0 ne great blessing of my life is that I have seldom experienced envy. Even when driving past the stately houses belonging to ancient families or to the lately rich I tend to think of maintenance costs and discom- fort rather than imagine myself hosting glittering receptions. Experience has taught me I was possibly not born to be a landowner. When I bought some acres a few years ago to keep ducks I saw more foxes in a week than the Quorn probably spot in a season. The draughty farmhouse to my damp acres rejoiced in the name Rockville. When I searched the land reg- istry for a more imposing, or at least attractive earlier name, I found the proper- ty was registered formerly as Parc Uren. At present I own nothing more than a Victorian house which enjoys the imagined advantages of being within a conservation area. This has not been enough to prevent my architect neighbour erecting a 500- square-foot building which rises to more than 20 feet along the wall of my boundary. This imposing edifice is simply to house a minuscule swimming-pool. The revised aspect from my garden resembles nothing so much as looking up at the bridge of a corvette.
One of the two excellent exhibitions on at Christie's at present (8 King Street, SW1) deals with some of the art, furniture and objets which have been accepted in lieu of death duty/inheritance tax but have been allowed to remain in situ in the great houses for which they were first commis- sioned. The benefit to the public is that it can normally see these wonderful artefacts in the settings for which they were original- ly designed. Two of the fine houses fea- tured in the exhibition are from Cornwall, a county also lucky enough to boast Parc Uren. Antony House and Cotehele both belong now to the National Trust. The same ownership applies also now to some of the other great houses featured at Christie's: Belton House, Coughton Court, Hardwick Hall, Kedleston Hall, Knole, Nostell Priory, Shugborough, Sudbury Hall and Uppark; while Brodie Castle and Haddo House are now owned by the National Trust for Scotland. By contrast, Hagley Hall and Sledmere House are lived
in and owned still by descendants of the families which first built them.
It is first to Arundel, which enjoys the status of private charitable trust, that we should look, however, for a great pair of full-length portraits by Daniel Mytens. These show the Earl and Countess of Arundel and allude also, through the backgrounds, to the couple's great zeal as collectors. Thomas Howard, second Earl of Arundel, owned a collection of art and antiquities surpassed only by that of Charles I. Other notable paintings include the Strozzi from Kedleston, three Batonis from Uppark, of which the portrait of Sir Matthew Fetherstonhaugh is by some way the best, and two important English por- traits. The first, by John Constable, is of Henry Greswolde Lewis of Weston Park, while the second, by John Everett Millais, is of Cardinal Newman, who became one of Rome's more famous converts in 1845. Unsurprisingly, this latter portrait was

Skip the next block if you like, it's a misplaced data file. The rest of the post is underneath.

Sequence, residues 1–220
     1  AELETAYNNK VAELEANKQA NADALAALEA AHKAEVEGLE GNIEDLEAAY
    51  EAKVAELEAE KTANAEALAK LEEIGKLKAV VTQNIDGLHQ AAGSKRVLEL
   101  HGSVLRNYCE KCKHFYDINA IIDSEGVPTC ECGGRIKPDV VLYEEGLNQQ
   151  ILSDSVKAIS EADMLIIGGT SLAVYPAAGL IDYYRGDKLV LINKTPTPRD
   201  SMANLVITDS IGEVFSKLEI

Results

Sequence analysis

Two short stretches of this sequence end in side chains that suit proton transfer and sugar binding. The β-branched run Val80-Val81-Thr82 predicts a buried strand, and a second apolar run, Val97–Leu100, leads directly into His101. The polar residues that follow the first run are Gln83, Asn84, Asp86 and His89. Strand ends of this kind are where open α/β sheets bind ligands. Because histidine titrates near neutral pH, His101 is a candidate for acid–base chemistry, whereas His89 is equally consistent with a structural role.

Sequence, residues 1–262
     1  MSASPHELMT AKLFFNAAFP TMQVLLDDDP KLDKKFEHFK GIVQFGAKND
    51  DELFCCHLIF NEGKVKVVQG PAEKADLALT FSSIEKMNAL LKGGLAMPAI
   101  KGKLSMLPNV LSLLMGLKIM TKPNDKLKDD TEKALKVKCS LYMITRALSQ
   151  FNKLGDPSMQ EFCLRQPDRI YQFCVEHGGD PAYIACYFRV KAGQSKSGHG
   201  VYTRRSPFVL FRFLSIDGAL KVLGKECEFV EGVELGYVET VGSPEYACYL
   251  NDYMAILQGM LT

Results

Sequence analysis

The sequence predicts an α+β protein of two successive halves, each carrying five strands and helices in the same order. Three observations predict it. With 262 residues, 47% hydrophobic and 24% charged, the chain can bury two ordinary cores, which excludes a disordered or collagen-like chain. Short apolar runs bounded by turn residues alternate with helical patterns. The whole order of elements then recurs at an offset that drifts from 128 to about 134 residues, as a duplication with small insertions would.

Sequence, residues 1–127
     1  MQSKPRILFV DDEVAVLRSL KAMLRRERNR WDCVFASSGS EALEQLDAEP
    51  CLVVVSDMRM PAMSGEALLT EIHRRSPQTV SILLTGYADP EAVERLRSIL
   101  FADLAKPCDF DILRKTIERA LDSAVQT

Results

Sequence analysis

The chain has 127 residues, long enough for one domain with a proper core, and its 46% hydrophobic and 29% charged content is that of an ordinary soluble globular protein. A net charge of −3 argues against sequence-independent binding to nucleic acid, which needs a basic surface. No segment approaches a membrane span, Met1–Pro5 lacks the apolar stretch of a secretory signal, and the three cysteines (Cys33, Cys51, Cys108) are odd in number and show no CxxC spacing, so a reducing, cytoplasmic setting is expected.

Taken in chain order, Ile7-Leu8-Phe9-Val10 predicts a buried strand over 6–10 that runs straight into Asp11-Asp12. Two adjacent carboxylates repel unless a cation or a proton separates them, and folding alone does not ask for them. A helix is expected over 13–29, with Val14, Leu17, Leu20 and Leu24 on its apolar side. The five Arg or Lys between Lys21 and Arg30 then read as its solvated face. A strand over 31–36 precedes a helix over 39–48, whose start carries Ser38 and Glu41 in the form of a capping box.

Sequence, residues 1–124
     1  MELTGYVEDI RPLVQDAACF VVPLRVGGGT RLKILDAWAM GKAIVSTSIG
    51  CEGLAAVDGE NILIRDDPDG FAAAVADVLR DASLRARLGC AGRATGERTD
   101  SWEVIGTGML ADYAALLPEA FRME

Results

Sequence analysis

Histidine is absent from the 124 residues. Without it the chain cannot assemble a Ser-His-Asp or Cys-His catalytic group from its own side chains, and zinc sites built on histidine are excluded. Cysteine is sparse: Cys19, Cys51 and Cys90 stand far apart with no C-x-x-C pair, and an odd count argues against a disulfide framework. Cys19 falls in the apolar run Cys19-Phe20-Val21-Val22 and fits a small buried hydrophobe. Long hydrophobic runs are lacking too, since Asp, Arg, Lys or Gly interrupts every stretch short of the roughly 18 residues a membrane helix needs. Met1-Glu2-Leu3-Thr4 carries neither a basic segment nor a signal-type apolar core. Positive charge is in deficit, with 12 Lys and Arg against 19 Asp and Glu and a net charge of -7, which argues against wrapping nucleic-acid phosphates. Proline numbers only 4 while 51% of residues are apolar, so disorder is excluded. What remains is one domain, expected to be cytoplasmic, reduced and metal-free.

bought by the 15th Duke of Norfolk, a former pupil of Oratory School, which was founded by Newman. The Kedleston Rem- brandt that isn't and wasn't is also featured and reminds me of a notable country family who discovered an early newspaper report which described them as owning a Rembrandt. When asking me to help them identify it I was told: 'We have rather a lot of paintings but aren't sure which one is supposed to be the Rembrandt.'
Christie's second exhibition, of works by the artist and illustrator Charles Keene (1823-1891), is more modest in pretension but no less rewarding. Keene is remem- bered by many principally as an illustrator for Punch, yet his work was admired by Camille Pissarro and collected by Degas. He was a draughtsman of unusual author- ity and talent, as more than 160 small works will reveal to those unacquainted previously with his mastery of line. Keene was an 'artist's artist' above all and was 'Sir Matthew Fetherstonhaugh', by Pompeo Girolamo Batoni, at Uppark collected also by Ricketts, Shannon, Brangwyn and Munnings as well as by Lowinsky and Hodgkin, whose own quiet talents were just as unjustifiably under- rated. Contemporary photographs show Keene as an oddly melancholy figure. Was it his lot to live next door to an architect? Perhaps there is something to be said for living in detached splendour at Longleat or Chatsworth after all.